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September 2, 2021

Unlocking the True Potential of ML: How Self-Supervised Learning in Language Can Beat Human Performance

Pieter Buteneers


A core goal for many organizations using artificial intelligence (AI) systems is to have them mirror human language and intelligence. However, mimicking human language and mastering its unique complexities continues to be one of AI’s biggest challenges.

According to IBM’s Global AI Adoption Index, nearly one in three IT professionals say their business is now using AI, with 43%reporting their company has accelerated their rollout of AI due to the pandemic. As more businesses implement AI systems, the technology’s limitations are also being realized–including the amount of data required to train machine learning (ML) algorithms and the flexibility of these algorithms in understanding human language.

Today, many AI applications in customer service utilize ML algorithms which have proven to be essential as consumer behavior continues to shift. ML algorithms have the capabilities to process information and automate conversations, increasing businesses’ ability to have conversations with their customers anytime and anywhere. As businesses start to shift away from high-frequency, one-way communications and toward two-way conversations, these algorithms will play an important role in the customer journey. However, gaining a deeper understanding of human language will be essential as organizations look to improve their interactions with customers.

It’s my belief that if AI systems can get a deeper understanding beyond the traditional means of analyzing data, they’ll exceed human performance in language tasks. This will bring AI one step closer to human-level intelligence and transform how we engage with brands, businesses and organizations on a global scale. Thanks to self-supervised learning, ML techniques now have the power to change this.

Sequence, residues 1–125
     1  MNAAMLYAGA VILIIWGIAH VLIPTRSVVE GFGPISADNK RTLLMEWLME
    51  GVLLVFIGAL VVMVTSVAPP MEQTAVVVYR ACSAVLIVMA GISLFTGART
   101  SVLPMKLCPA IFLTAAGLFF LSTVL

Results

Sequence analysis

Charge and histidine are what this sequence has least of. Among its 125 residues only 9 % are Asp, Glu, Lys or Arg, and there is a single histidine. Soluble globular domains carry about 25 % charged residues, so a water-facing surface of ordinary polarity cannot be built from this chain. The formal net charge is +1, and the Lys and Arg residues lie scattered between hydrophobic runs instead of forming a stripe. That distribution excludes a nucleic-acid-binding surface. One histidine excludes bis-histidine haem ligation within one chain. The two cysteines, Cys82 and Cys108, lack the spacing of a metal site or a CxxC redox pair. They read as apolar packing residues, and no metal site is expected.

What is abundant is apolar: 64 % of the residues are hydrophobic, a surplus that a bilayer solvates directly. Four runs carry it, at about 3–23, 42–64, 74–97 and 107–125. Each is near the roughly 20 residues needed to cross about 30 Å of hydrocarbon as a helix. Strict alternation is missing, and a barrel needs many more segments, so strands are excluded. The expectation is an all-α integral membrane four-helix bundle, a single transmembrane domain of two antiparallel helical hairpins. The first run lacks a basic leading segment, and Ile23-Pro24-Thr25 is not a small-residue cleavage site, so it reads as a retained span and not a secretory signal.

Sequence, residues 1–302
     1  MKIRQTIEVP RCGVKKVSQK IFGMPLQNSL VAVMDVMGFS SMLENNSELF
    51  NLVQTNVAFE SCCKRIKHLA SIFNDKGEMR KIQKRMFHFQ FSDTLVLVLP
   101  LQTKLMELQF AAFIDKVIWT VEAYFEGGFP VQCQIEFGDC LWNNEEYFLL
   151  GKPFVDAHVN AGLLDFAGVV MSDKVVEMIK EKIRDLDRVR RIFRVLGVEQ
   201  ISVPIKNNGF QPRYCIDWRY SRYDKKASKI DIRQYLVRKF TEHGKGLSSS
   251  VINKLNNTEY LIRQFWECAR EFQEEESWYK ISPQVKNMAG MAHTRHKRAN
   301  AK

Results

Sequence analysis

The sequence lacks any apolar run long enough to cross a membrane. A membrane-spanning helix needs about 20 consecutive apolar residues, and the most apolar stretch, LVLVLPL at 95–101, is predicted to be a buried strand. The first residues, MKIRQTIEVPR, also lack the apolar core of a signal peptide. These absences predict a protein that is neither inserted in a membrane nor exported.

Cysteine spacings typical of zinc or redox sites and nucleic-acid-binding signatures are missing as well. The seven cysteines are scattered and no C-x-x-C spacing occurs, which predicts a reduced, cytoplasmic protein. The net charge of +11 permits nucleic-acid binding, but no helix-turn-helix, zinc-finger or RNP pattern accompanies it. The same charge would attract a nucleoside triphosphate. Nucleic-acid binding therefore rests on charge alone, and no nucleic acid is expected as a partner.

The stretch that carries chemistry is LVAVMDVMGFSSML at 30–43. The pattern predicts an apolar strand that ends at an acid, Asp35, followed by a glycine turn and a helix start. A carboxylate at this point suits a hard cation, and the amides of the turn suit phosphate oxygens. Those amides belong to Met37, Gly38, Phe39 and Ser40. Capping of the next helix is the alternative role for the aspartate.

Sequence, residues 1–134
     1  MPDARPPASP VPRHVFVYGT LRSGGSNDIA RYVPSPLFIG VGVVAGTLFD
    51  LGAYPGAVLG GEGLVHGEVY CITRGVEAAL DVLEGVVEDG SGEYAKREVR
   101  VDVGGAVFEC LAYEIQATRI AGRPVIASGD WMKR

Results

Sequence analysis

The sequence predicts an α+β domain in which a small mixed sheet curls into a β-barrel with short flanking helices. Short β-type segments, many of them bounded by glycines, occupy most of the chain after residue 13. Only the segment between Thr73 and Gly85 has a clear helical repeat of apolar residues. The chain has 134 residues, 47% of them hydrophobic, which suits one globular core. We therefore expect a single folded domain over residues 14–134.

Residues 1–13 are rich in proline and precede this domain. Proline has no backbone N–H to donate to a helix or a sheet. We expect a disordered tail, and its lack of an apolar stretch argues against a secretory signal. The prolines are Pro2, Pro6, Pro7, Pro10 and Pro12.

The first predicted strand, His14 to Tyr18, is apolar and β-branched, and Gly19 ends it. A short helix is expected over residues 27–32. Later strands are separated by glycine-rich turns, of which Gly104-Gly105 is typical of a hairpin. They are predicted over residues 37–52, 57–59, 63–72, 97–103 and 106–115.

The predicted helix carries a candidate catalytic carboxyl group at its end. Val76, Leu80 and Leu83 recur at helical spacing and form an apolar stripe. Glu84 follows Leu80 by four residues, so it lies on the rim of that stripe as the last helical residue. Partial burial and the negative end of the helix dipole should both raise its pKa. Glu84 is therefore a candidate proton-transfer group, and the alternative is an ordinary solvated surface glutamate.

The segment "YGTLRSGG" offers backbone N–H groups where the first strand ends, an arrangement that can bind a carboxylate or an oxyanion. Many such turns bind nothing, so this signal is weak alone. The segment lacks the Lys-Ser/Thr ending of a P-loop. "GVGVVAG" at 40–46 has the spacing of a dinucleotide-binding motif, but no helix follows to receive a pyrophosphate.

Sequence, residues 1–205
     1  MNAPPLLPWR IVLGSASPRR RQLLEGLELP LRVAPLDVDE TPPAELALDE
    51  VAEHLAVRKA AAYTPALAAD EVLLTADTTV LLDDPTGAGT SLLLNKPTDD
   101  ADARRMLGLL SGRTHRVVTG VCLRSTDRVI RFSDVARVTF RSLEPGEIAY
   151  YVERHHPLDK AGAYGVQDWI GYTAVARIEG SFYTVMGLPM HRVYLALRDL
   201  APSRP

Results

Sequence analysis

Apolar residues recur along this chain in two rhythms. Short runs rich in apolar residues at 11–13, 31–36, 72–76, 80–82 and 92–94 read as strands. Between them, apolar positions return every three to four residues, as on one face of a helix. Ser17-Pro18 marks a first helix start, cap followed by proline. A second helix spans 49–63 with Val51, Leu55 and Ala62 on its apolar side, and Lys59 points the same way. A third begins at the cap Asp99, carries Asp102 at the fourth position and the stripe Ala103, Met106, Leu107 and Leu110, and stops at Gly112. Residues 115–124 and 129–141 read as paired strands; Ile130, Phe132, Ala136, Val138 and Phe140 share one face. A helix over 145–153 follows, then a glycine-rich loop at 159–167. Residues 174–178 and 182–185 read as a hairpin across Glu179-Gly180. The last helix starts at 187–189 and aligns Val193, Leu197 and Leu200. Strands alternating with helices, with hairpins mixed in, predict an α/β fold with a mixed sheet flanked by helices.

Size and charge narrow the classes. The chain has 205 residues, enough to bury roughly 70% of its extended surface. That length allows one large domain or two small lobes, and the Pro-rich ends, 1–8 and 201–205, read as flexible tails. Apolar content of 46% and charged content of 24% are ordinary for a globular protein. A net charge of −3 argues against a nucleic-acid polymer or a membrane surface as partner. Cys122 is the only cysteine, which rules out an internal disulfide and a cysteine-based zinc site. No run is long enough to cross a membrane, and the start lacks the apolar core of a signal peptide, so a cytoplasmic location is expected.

Self-supervised machine learning reduces the need for high-quality, labeled data (Swill Klitch/Shutterstock)

What Is Self-Supervised Learning?

As babies, we learn about the world mainly through observation and trial and error. This paves the way for us to develop common sense and the ability to learn complex tasks such as driving a car. But how is it that humans can learn from just observing a few examples of a given task, and machine learning algorithms can’t? This is where self-supervised learning can help.

The technique typically involves taking an input dataset and concealing part of it. The self-supervised learning algorithm must then analyze visible data, enabling it to predict the remaining hidden data. As a result, this process creates the labels that will allow the system to learn. This opens up a huge opportunity for better utilizing unlabelled data and helping organizations streamline data processes. With self-supervised learning, there isn’t a need to have a person manually go through extreme amounts of data and label it. Self-supervised learning creates a data-efficient AI system that can analyze and process data without the need for human intervention, eliminating the need for full “supervision.”